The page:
Remember when Oakley provided sunglasses to the Chilean miners as soon as they were rescued from their underground captivity? That wasn’t part of Oakley’s marketing plan. But by responding promptly to the situation, it paid off in tens of millions of dollars’ worth of publicity.
The days when you could plan long-range marketing and public relations programs on your own timetable are over. What counts today is speed and agility, i.e., the ability to act quickly, as soon as opportunities or problems arise. While your competitors scramble to adjust, you can seize the initiative, open new integrated marketing channels, and grow your brand.
Respond Rapidly To Problems
According to best-selling author David Meerman Scott, someone at your company needs to be in charge of marketing “right now.” Does your company have someone with the authority to act when circumstances dictate a rapid response?
In the book, “Real-Time Marketing,” Scott describes the value for businesses of all sizes to be able to respond to events and circumstances, even as they are happening. Applying the lesson to an audience of musicians and international music merchants at the NAMM Convention, Scott used the example of a professional touring musician whose Taylor guitar was manhandled and broken during a United Airlines flight. That musician, Dave Carroll, tried in vain for nearly a year to get United Airlines to take responsibility. Finally, out of frustration and a desire to move on, he decided to write three songs about the experience and post them to YouTube. His first song, “United Breaks Guitars,” quickly went viral (now with over 12 million views).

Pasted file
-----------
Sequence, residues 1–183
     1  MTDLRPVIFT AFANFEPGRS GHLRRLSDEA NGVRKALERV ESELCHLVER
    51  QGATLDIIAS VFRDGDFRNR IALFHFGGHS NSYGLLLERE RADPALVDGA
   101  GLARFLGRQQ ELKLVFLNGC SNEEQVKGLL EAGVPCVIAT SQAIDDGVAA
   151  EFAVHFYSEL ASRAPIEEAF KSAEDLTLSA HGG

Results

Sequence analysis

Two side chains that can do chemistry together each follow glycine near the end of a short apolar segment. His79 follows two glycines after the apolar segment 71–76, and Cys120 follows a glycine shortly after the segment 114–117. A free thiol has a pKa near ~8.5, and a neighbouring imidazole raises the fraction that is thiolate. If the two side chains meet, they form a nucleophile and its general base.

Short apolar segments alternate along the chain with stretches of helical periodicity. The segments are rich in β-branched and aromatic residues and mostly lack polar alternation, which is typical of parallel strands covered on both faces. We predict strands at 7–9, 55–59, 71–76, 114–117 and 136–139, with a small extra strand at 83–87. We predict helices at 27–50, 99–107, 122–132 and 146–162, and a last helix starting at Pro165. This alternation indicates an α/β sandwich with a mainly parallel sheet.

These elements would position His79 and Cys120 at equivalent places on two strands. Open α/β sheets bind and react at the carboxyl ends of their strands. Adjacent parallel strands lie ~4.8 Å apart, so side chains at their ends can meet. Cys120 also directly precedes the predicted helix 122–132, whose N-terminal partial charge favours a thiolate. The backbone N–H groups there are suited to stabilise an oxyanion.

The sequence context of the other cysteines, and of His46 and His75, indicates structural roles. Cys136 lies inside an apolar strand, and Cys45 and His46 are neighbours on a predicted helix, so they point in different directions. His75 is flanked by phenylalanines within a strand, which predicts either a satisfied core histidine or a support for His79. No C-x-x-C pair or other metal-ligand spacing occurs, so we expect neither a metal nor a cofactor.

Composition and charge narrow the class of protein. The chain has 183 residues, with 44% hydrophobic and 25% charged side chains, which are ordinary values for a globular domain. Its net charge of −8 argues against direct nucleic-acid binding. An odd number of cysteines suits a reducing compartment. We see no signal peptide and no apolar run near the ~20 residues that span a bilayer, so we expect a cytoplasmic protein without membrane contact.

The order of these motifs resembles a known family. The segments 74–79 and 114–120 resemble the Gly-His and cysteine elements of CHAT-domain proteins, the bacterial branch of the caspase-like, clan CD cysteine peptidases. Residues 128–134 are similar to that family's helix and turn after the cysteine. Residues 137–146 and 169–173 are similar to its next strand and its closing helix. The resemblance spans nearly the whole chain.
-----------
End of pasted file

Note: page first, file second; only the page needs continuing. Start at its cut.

Yet even after the video and resulting press attention, there was still no response from United.
Capitalize On Opportunities Quickly
Taylor Guitars, however, quickly capitalized on the incident. Mere days after Carroll’s video, Taylor uploaded a response featuring helpful advice for touring musicians, letting them know that the TSA allows guitars to be brought onboard as a carry-on (that video now has over 500,000 views). Meanwhile, a guitar case manufacturer offered Carroll a free replacement and rebranded one of its products as a “Dave Carroll signature model.” Both companies benefitted from the valuable free publicity.
Real-time marketing is not about viral videos and social media. As Scott says, “Real-time is a mindset. Social media are just tools.”